• Support PF! Buy your school textbooks, materials and every day products via PF Here!

Finding the horizontal force that the road applies to the car

  • Thread starter rugerts
  • Start date
104
5
1. The problem statement, all variables and given/known data
Given weight car = 2500lb, acceleration = constant = 2 ft/s^2, radius of curvature at C = 1000 ft, distance between A and B = 1300 ft, distance between B and C = 900 ft

Find horizontal force of road on car at B and C.

2. Relevant equations
F = ma in normal-tangential coordinate system

3. The attempt at a solution
I tried using kinematics, since I've got constant acceleration, to find the velocity, in order to use that to find the centripetal force. From there, I'm trying to find the Normal force. I'm using normal tangential coordinate system. I'm having trouble recognizing the geometry of the situation, since I seem to need to know angles. I tried using the arc sector formula. The answer I'm getting is way off of the one shown below in the image.

(Ignore the cos(0.9), that's in radians by accident. I forgot to change that on the image)
 

Attachments

Merlin3189

Homework Helper
Gold Member
1,370
545
Given weight car = 2500lb,
Is that the weight or the mass? They don't actually say, just, "a 2500lb car"
acceleration = constant = 2 ft/s^2
, radius of curvature at C = 1000 ft,
distance between A and B = 1300 ft,
distance between B and C = 900 ft
The diagram gives one more important piece of info about B.
Find horizontal force of road on car at B and C.[

F = ma in normal-tangential coordinate system
I'm not sure what you mean by "normal-tangential coordinate system" but that's probably my ignorance. F=ma seems a reasonable relation to use.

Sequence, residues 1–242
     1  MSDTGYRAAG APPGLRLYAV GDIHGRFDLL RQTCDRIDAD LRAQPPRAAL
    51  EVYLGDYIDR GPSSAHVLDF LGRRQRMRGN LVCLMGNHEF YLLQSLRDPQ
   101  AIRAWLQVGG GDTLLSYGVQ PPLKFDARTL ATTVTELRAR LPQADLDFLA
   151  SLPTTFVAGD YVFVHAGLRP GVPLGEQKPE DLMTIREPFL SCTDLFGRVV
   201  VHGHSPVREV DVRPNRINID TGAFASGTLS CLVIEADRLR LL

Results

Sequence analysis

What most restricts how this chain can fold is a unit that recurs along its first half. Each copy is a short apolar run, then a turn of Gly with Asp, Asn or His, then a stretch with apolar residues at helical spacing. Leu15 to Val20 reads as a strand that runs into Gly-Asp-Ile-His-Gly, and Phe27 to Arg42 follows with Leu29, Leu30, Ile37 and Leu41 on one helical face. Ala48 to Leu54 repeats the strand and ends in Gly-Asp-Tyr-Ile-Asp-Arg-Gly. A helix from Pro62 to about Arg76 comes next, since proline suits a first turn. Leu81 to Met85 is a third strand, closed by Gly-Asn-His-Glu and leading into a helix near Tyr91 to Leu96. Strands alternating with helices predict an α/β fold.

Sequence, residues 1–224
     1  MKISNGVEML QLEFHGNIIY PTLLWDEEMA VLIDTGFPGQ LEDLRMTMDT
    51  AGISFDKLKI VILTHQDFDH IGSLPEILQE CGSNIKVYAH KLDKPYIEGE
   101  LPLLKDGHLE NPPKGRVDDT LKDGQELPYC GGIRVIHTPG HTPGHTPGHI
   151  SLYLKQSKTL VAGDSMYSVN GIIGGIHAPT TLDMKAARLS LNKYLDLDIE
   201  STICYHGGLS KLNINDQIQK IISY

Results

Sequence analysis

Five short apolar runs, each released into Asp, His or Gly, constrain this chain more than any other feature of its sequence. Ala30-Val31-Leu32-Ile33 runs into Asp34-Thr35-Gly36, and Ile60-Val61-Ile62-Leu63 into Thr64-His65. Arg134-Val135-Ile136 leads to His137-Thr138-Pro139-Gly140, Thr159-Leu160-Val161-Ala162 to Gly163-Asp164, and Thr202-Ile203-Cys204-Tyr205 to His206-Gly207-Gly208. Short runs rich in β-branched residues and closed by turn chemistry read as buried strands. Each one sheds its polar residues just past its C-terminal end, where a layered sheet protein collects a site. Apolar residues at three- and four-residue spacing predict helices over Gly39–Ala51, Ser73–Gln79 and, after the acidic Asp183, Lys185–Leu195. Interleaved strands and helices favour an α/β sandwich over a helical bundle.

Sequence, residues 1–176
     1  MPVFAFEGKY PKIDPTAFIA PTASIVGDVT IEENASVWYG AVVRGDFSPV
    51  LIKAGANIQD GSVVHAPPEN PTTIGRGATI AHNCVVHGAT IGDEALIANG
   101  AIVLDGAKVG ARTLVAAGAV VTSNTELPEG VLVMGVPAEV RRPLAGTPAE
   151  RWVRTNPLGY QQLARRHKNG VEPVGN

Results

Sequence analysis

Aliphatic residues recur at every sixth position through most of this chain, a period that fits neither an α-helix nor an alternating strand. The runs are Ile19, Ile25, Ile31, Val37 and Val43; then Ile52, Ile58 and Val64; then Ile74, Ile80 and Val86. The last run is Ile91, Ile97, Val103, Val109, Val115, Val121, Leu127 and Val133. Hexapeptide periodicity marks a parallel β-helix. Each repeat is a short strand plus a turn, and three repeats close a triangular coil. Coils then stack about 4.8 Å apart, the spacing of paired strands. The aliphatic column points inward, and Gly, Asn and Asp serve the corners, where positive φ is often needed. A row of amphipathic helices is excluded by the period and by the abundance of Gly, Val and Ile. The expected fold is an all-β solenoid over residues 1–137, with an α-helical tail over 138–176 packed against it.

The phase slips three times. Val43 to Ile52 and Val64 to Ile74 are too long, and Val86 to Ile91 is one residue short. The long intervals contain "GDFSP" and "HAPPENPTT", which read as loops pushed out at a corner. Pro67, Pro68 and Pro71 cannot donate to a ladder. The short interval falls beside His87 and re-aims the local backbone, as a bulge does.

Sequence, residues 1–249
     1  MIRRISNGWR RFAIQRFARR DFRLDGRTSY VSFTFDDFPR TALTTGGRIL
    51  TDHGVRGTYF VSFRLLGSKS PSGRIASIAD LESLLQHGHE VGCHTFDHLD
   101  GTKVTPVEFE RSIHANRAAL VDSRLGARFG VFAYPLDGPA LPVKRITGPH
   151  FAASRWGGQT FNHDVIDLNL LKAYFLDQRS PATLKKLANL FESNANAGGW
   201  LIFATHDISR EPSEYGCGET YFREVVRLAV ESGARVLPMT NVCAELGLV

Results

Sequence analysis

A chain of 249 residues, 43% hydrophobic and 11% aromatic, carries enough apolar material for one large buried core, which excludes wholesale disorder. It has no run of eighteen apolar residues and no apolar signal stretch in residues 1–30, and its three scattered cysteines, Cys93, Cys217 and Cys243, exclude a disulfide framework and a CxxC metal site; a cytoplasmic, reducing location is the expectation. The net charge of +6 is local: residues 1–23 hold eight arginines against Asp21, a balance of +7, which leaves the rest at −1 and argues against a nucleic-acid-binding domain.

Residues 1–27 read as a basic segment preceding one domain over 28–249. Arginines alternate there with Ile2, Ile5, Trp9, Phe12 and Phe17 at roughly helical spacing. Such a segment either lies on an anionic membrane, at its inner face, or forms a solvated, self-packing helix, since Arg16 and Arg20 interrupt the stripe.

I tried using kinematics, since I've got constant acceleration, to find the velocity,
So lets see that for starters.
in order to use that to find the centripetal force.
So when you have the speeds, lets see that.
From there, I'm trying to find the Normal force. I'm using normal tangential coordinate system. I'm having trouble recognizing the geometry of the situation, since I seem to need to know angles.
I don't know why you need angles.

I think maybe it would be good to get as far as the speed. Then say what you are thinking about centripetal forces.
 
104
5
Is that the weight or the mass? They don't actually say, just, "a 2500lb car"

The diagram gives one more important piece of info about B.
I'm not sure what you mean by "normal-tangential coordinate system" but that's probably my ignorance. F=ma seems a reasonable relation to use.
So lets see that for starters.
So when you have the speeds, lets see that.
I don't know why you need angles.

I think maybe it would be good to get as far as the speed. Then say what you are thinking about centripetal forces.
2500 lb is a weight yes. We'd divide by 32.2 ft/s^2 to get the mass. Is the extra piece of info pertaining to the inflection point?
Here's my work showing the velocities and also what I mean by normal tangential coordinate system.
 

Attachments

Merlin3189

Homework Helper
Gold Member
1,370
545
Is the extra piece of info pertaining to the inflection point?
Yes.
2500 lb is a weight yes. We'd divide by 32.2 ft/s^2 to get the mass.
So the weight is 2500 lb ft/sec2 and we divide by g to get a mass of 2500 / 32.2 = 77.6 lb
That seems very light for a car. So I'd have thought the mass would be 2500 lb (just over a ton) and the weight would be mg.
tempcalc1.jpg

You don't say what you are doing here (IMO v.bad!)
but from the u=0 and s=1300 I guess it's A to B
but from the r=1000 I guess it is C

That could be part of your difficulty: you are using the speed at B to calculate the force at C.
 

Attachments

104
5
Yes.
So the weight is 2500 lb ft/sec2 and we divide by g to get a mass of 2500 / 32.2 = 77.6 lb
That seems very light for a car. So I'd have thought the mass would be 2500 lb (just over a ton) and the weight would be mg.
View attachment 232795
You don't say what you are doing here (IMO v.bad!)
but from the u=0 and s=1300 I guess it's A to B
but from the r=1000 I guess it is C

That could be part of your difficulty: you are using the speed at B to calculate the force at C.
I need the force at B first. Which is why I calculate the speed at B. It's stated in the problem. I think you're confusing lb force and slugs. Slugs is a unit of mass I'm using.
 

Merlin3189

Homework Helper